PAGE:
Genre: Action RPG
Developer: HEXADRIVE Inc., Oasis Games, October Media, D4 Enterprise
Release Date: October 17th, 2019
Edited by DarkLunarDude
For those who recognize this title, this is yet another piece of media that follows the classic literature of the 16th-century book called Journey to the west. We all have seen at least one story, movie, anime, or game that has drawn from this book (I.E. Dragonball/DBZ, The hidden kingdom, or Enslaved: Odyssey to the west) but this game holds the source material closer than any other form of entertainment other than the possibly a play from the Shen Yun performing arts. The developers HEXADRIVE Inc and D4 Enterprise have recreated the animation from October Animation Studios in a video game form following the same story as the animation.
The player controls the main character and the protagonist of the literature, Dasheng (Actual name is Sun Wukong) that waged war on heaven itself and attacked buddha but was cast out into a crystal-like prison for 500 years. Although one day a Buddhist child by the name of Liuer finds him and breaks the curse brought on Budah to punish Dasheng. After waking our hero fights the boy’s pursuers and figures out that his full power has been sealed by a chain and can only be broken by taking out the Monster king that is kidnapping children which the player will find out the reason later in the game. Although the curse that Dasheng prevents his powers to come out the player can pick up the souls of the monsters he defeats and either enhance the one ability that you are given (The third eye ability that lets you spot items within your sight, highlight enemies that are around you, and earth gods that you have to find for permanent power-ups). After fighting sporadic monsters within the first stage you come across Madam Hare that will trade you recovery items for the random loot you have acquired, visually she is my favorite character because of all the random stuff that she has on her backpack that is fully animated and it’s nice to see characters that are fun visually.
The fighting mechanics are very simple and easily understood, you have a light and heavy attack, also you have a parry like-button that you can initiate a duel with a smaller monster which you can smash the attack button getting a funny animation knocking the monster in the most cartoonish way. As well if you do a heavy attack at just the right time you throw the punch into the monster’s gut stretching it out and landing a direct attack as such will do a lot more damage than usual. Besides the basic attacks, you will also have magical attacks that drain your MP and a powered-up mode where you turn purple for a limited amount of time like Devil Trigger from Devil may cry. Magical attacks can range from a multi-attack combo, enhanced speed, and materializing a kung-fu bench or later on your iron bo staff. Although you can acquire a bench quite easily around the levels the durability of the materialized bench will be greater depending on the level of the spell. The Kung-fu bench isn’t the only thing you can pick up and use as a weapon, they can be small bits of pottery or rocks that you can throw and a row from a boat. You can sneak your way in certain parts as well, doing critical damage to whatever monster does not notice you. Although most monsters are a straight-up fight, some bigger creatures are just living armors that you will have to hit their weak point to do any real damage. There are times where those living armors are searching for you within the area where the talisman is exposed leaving it vulnerable for a surprise attack or hitting it with a throwable weapon that destroys the enemy altogether.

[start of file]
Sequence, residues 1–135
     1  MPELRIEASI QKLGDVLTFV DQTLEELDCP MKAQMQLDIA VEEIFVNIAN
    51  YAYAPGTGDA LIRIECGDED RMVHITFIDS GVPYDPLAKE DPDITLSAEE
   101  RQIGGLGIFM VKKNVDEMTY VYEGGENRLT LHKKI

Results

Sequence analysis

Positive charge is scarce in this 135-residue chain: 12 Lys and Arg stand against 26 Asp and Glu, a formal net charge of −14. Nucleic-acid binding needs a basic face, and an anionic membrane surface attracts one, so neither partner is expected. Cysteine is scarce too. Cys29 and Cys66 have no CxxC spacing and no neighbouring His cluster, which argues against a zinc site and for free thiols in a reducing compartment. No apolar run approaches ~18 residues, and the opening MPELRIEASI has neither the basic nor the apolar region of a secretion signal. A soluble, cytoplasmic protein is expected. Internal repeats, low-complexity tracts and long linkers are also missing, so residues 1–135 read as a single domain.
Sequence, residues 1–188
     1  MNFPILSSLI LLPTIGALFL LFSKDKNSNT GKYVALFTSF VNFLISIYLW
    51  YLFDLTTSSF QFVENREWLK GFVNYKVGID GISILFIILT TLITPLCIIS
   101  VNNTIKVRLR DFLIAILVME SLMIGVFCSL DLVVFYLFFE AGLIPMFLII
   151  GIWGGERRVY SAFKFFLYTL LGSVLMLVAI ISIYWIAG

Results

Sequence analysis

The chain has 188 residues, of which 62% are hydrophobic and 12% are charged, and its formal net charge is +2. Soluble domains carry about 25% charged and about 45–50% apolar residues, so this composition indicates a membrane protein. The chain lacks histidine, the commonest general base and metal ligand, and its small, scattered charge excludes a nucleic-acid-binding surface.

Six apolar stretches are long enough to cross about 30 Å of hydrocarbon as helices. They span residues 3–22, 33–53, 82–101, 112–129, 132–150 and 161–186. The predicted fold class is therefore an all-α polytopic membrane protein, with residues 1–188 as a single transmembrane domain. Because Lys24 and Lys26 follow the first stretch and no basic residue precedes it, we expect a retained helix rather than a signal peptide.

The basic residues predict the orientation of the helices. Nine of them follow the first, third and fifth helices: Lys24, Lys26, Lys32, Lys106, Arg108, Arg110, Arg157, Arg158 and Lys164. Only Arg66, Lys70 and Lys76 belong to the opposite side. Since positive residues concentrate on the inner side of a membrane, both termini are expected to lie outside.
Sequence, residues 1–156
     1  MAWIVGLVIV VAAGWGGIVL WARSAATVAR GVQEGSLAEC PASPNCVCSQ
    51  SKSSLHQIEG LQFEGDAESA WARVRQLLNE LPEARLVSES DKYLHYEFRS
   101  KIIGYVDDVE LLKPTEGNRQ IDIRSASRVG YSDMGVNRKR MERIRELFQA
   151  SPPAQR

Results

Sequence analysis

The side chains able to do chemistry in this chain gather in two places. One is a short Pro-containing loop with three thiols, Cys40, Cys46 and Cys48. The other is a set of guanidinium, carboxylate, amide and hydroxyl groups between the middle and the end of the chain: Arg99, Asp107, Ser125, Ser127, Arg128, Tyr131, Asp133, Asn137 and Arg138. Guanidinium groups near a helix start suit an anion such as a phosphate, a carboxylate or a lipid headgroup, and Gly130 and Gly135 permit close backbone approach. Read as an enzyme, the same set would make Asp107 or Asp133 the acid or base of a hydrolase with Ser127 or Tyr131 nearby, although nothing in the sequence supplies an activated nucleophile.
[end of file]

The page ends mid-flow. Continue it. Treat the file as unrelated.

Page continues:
Even though the feeling of being back in ancient china done perfectly in its theme I feel like the graphics themselves seem slightly dated as they look like they came from the late PS3 era or at most early PS4 era. You can see they have done some homework with the art style and the weaponry of the era as you face off with a pigman monster using a Chuí to smack the player with. One of my biggest gripes though with the game is going to be the sounds and dialog, while the voice-overs in the cutscenes are done decently the constant shouting of your compatriots yelling at you, telling you to watch out for monsters with each encounter and shouting for your help afterward while you fight your enemies. This and only this drove me insane because it is the same one or two lines that are continuously being repeated throughout the story.
Speaking of the story the game is about 10 stages worth of gameplay, each having their unique environment as you help your companions traverse the level by giving them the means to travel with you such as making a bridge with a tree or letting a ladder down so they can follow you. I also felt that the character-building between Dasheng, Liuer, and one of heavens generals Zhu Bajie (a swine like creature) was very weak as Dasheng went from not trusting or liking either of his traveling companions to being all buddy-buddy with them and giving no explanation as to why their connection to each other has strengthened. Unfortunately, at best you will get 4 or 5 hours of gameplay even if you take your time trying to get most if not all of the earth gods to get every power-up and to level your skills and there is no replayability unless you get the season pass for extra content.
- Easy to control combat system
- Ancient Chinese theme is on point with fun animations
- Keeps with the source material very well
- Poor and at times annoying audio
- Can be mistaken for a PS3 game because of the graphics quality
- Boring and poorly executed story
- Game is too short
Alexknight2005 gives Monkey King: Hero is back a Drastik Measure score 5.5 out of 10 (55)
At the price of $39.99 for is the version of the game on PS4 I would stay away from this title and only get the game if its heavily on sale and you are a fan of the classic story.